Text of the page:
Sign up for the Family Tree Newsletter Plus, you’ll receive our 10 Essential Genealogy Research Forms PDF as a special thank you!
Get Your Free Genealogy Forms
"*" indicates required fields
16th-century Spaniards exploring Texas found indigenous people, but not the gold they sought. Later Spanish missions, presidios and villages were the nuclei for modern cities, including El Paso (1682), San Antonio (1718), and Nacogdoches (1779)—the latter well situated for trade with the Indians and with Natchitoches, La. French settlement on the Texas Gulf coast in 1685 was short-lived. When France ceded greater Louisiana to Spain in 1762, Texas and Louisiana were under the same crown. In 1803, the United States tried to claim Texas as part of the Louisiana Purchase.
Anglo-American settlement had not begun when Mexico gained independence from Spain in 1821. Under a renegotiated Mexican contract, Stephen F. Austin recruited several hundred families to settle river valleys near his San Felipe de Austin headquarters. Other empresarios also settled the Mexican State of Coahuila and Texas. Newcomers had to swear allegiance to Mexico and Catholicism.
Adventurers and would-be land speculators became disgruntled by the centralist Mexican government and its 1830 attempt to halt Anglo-American settlement. Many colonists were alarmed by Mexican preparations to send an army to occupy Texas. After several battles, Texans declared themselves an independent republic on March 2, 1836. The war for independence was short. The Republic of Texas existed for nine years before the US Congress annexed it in late 1845, accepting Texas as the 28th state. After a war with Mexico from 1846 to 1848, Mexico relinquished its claim to Texas and the United States gained most of its Southwest.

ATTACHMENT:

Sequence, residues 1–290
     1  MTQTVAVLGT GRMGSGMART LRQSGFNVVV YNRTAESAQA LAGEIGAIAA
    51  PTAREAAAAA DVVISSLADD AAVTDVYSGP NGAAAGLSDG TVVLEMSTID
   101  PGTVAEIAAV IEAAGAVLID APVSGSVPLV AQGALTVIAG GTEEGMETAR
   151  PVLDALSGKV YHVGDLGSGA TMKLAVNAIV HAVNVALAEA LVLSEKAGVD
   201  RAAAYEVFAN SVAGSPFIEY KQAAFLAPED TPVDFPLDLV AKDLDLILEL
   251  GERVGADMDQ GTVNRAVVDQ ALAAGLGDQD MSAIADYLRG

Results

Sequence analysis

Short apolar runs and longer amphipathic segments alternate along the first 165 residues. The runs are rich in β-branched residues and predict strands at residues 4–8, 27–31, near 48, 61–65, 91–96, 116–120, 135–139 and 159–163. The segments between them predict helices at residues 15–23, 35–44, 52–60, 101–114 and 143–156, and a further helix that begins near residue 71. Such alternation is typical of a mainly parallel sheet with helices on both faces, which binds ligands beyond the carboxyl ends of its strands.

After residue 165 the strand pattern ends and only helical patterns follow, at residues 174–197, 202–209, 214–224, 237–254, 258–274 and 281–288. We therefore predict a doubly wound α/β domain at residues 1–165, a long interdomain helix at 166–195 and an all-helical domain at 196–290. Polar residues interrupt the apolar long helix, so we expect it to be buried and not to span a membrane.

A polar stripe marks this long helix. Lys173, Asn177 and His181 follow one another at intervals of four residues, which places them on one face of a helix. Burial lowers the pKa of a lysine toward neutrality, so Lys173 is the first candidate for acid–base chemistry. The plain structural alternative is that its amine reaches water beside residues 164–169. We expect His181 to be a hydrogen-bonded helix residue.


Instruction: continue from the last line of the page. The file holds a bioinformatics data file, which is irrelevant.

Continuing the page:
Early settlers arrived largely from Alabama, Mississippi, Tennessee, Arkansas, Georgia, Louisiana and Missouri, as well as other US states, Mexico, the British Isles and German states. Czechs, Scandinavians, and Alsatians began arriving in the 1840s; Poles, in the 1850s. Most early settlers were small farmers, but cotton planters with slaves also moved in. By 1860, Texas had about 604,000 residents, of whom 30 percent were slaves, 7 percent were foreign-born immigrants, and only about 350 were free blacks. Not counted in censuses were numerous Indians, many of whom were eventually relocated to Indian Territory reservations.
Although divided over the issues of slavery and secession, Texas seceded from the United States in February 1861. The state saw limited military action during the Civil War and was readmitted to the Union in 1870.
From the 1820s to the early 1900s, cotton was the money crop and corn sustained life. After the Civil War, cotton, railroads, and cattle and sheep industries expanded rapidly. The 20th century saw economic diversification in agriculture and development of the petrochemical, timber-related, food-processing and other industries.
- The Texas State Library participates in interlibrary loan of microfilmed county records through a regional historical resource depository’ program. See lists of regional depositories and available county records at http://www.tsl.state.tx.us/arc/local.
- Besides the state library and archives in Austin, major research facilities include the Center for American History, University of Texas, Austin, http://www.cah.utexas.edu; Clayton Library Center for Genealogical Research, a unit of the Houston Public Library, http://www.houstonlibrary.org/clayton; the Texas Room, Central Library, Houston Public Library; Dallas Public Library’s genealogy department and Texas/Dallas history and archives department, http://www.dallaslibrary.org/central.htm; and various academic libraries. Numerous Texas public libraries have genealogy collections.
- Federal census: 1850, 1860, 1870, 1880, 1900, 1910, 1920, 1930
- Federal mortality schedules: 1850, 1860, 1870, 1880
- Federal slave schedules: 1850, 1860 (schedules name slaveholders but rarely name slaves)